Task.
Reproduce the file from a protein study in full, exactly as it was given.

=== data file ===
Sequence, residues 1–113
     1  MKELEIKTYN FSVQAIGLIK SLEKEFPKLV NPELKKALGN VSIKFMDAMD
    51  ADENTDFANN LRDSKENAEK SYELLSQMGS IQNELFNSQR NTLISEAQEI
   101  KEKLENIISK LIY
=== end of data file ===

Sequence, residues 1–113
     1  MKELEIKTYN FSVQAIGLIK SLEKEFPKLV NPELKKALGN VSIKFMDAMD
    51  ADENTDFANN LRDSKENAEK SYELLSQMGS IQNELFNSQR NTLISEAQEI
   101  KEKLENIISK LIY